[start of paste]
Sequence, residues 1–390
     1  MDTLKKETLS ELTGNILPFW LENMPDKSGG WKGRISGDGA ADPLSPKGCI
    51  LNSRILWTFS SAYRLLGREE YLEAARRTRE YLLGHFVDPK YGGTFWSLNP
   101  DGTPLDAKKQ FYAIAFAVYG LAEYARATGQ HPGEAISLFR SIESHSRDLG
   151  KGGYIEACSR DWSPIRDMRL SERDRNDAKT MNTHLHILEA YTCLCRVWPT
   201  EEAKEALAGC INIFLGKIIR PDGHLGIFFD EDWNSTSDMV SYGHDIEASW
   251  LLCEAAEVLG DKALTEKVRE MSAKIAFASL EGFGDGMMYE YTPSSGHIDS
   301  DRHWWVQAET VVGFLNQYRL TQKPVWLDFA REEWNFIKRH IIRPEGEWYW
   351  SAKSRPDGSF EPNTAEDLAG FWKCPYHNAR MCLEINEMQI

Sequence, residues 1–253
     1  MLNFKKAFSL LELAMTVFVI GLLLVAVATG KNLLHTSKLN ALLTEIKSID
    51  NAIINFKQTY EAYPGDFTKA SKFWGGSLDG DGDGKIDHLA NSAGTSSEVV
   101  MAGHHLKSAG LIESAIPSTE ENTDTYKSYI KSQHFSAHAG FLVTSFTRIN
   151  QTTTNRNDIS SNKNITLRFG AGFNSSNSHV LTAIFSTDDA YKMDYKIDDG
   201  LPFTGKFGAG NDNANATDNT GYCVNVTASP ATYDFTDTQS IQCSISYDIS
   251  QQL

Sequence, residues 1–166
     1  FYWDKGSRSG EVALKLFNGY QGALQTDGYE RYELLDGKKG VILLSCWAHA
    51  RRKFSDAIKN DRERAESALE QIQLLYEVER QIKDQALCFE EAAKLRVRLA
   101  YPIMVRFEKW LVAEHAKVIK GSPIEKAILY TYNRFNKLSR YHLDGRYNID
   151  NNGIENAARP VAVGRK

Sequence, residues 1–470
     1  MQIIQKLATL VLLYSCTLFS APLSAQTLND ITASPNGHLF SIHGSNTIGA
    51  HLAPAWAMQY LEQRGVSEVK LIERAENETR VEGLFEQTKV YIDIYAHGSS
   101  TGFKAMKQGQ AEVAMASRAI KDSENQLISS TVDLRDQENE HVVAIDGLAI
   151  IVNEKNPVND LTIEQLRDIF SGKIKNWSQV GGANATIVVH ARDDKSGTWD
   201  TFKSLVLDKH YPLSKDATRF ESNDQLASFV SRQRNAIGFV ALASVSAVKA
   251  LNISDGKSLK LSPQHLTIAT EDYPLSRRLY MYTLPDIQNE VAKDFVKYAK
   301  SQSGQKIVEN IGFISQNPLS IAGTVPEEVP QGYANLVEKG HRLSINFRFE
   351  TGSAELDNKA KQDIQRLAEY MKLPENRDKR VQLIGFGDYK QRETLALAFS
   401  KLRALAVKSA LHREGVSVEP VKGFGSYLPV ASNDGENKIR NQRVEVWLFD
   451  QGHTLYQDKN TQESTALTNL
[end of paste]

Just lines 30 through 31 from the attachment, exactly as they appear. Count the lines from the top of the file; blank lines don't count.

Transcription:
   351  TGSAELDNKA KQDIQRLAEY MKLPENRDKR VQLIGFGDYK QRETLALAFS
   401  KLRALAVKSA LHREGVSVEP VKGFGSYLPV ASNDGENKIR NQRVEVWLFD